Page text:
I've stopped buying consumer electronics that take the markedly ANTI-consumer and needless action of making non-removable batteries. I realize this eliminates most tablets* but I really have little use for a tablet (my job has provided several for me to use but I really couldn't care less about them, having tried them).

* - And all Apple hardware, but I'm ok with that too.

Comment: Re: The FCC has no right to dictate terms (Score 1) 208

by sremick (#47053645) Attached to: Congress Unhappy With FCC's Proposed Changes To Net Neutrality

You obviously haven't lived or even traveled anywhere where there are mountains.

Newsflash: the world isn't flat, and radio signals have difficulty passing through hundreds (or thousands) of feet of solid rock.

There's no cell service where I live. Radio reception is fuzzy. I can barely get satellite TV due to the position of the mountains. My internet has to be DSL as Comcast will never run cable out here.

Comment: Re:Blank Media (Score 1) 477

by sremick (#46936357) Attached to: Sony Warns Demand For Blu-Ray Diminishing Faster Than Expected

And Netflix/Hulu/Amazon will happily stream you that fast? I highly doubt it. I have a 6Mbit/s DSL connection and Netflix won't even saturate that, although Amazon and Hulu do a better so it's not my internet connection throttling Netflix.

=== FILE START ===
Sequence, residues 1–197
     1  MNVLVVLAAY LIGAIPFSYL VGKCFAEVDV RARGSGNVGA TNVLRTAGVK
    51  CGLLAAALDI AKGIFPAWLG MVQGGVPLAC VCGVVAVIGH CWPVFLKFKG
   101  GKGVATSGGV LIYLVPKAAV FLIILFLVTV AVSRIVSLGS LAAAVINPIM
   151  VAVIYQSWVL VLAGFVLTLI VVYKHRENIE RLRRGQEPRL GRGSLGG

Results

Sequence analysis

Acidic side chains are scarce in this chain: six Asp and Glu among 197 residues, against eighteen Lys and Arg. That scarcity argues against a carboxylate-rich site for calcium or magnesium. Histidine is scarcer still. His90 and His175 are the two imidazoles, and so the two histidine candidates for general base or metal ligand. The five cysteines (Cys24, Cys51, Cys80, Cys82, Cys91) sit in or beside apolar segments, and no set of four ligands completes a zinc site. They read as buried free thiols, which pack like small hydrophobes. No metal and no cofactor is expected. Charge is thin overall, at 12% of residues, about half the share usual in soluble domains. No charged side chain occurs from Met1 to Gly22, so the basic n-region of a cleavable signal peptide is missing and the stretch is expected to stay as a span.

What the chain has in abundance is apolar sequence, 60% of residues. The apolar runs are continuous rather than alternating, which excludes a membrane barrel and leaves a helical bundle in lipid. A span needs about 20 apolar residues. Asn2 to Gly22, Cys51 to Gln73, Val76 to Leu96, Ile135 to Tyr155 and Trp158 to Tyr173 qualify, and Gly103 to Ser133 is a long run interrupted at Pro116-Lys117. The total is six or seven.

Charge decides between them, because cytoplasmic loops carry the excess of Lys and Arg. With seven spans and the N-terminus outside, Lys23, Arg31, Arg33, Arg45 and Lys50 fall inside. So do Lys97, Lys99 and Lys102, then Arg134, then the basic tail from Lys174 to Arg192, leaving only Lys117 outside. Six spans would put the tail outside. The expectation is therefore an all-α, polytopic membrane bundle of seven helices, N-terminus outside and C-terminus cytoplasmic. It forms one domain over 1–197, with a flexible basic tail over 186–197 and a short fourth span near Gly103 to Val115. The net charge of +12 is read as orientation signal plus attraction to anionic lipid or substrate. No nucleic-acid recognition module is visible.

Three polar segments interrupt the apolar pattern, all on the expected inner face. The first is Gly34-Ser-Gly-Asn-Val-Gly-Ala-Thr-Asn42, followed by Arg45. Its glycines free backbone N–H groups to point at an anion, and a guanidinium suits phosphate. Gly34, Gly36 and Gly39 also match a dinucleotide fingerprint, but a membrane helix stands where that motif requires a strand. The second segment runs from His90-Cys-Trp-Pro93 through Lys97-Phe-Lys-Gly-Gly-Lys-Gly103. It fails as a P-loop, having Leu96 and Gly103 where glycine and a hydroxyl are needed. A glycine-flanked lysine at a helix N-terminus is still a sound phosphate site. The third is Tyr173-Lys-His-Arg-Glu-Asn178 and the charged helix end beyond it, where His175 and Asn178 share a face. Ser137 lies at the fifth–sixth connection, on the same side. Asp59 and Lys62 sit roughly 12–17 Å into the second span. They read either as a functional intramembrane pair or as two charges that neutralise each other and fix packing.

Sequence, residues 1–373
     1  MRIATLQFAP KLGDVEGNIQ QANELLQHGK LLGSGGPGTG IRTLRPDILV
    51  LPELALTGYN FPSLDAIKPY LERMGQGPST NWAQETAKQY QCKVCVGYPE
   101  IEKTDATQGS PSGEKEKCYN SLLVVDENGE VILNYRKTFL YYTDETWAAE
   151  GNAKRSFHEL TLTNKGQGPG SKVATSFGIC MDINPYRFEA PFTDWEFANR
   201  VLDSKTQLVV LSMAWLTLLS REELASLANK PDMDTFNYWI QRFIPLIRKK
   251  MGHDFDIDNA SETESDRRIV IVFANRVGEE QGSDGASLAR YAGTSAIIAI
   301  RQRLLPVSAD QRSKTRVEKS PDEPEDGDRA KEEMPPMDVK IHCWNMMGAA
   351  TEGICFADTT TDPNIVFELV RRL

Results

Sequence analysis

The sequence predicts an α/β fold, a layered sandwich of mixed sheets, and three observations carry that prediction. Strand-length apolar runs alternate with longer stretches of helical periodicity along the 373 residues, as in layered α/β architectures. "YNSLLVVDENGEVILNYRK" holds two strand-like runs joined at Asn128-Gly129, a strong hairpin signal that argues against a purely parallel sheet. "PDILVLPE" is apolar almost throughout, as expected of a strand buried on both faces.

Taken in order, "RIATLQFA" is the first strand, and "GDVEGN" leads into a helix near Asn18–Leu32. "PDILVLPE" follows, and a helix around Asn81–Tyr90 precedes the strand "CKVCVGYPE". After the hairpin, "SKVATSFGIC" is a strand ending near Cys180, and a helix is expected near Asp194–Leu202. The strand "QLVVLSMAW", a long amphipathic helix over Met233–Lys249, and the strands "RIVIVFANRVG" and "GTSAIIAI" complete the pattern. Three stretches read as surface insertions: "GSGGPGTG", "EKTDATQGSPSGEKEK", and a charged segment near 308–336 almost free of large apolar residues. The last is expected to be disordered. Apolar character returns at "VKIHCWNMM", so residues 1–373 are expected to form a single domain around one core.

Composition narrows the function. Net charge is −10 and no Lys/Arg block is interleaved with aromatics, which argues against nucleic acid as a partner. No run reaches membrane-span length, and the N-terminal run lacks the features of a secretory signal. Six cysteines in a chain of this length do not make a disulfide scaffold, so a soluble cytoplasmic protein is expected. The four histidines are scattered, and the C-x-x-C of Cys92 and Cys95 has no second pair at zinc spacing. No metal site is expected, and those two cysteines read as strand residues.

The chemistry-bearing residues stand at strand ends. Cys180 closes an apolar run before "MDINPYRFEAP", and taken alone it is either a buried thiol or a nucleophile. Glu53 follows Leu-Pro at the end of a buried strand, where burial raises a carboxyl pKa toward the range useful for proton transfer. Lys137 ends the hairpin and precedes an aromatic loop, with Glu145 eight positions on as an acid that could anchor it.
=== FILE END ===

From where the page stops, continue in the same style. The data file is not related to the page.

My car can go a lot faster than the 20MPH it was stuck in traffic the other day doing for a long time too. The potential of the pipe is only one factor.

Comment: Re:Blank Media (Score 1) 477

by sremick (#46936339) Attached to: Sony Warns Demand For Blu-Ray Diminishing Faster Than Expected

Comment: Re:Blank Media (Score 5, Insightful) 477

by sremick (#46925693) Attached to: Sony Warns Demand For Blu-Ray Diminishing Faster Than Expected

I have a movie collection numbering in the many hundreds. All are on original physical media.

All the reasons that people have for streaming versus playing off discs I agree with... but there's one kicker: once you get past the annoying menus, notices, and previews, and actually get to the movie, the quality can't be compared. Not many people have a 30-50 Mbit/s internet connection that can handle the full bitrate of 1080p video with lossless 5.1 sound, and I can't think of any streaming source that would send that even if someone did. They're all horribly compressed up the ass with lossy compression... noticable even on my 40" TV but especially so on the 92" projector.

Unskippable menus suck, and online libraries are certainly convenient... but when it comes time to watch the movie, I do kind of want it to actually look good. But I guess I'm a dying breed.

"Whoever undertakes to set himself up as a judge of Truth and Knowledge is shipwrecked by the laughter of the gods." -- Albert Einstein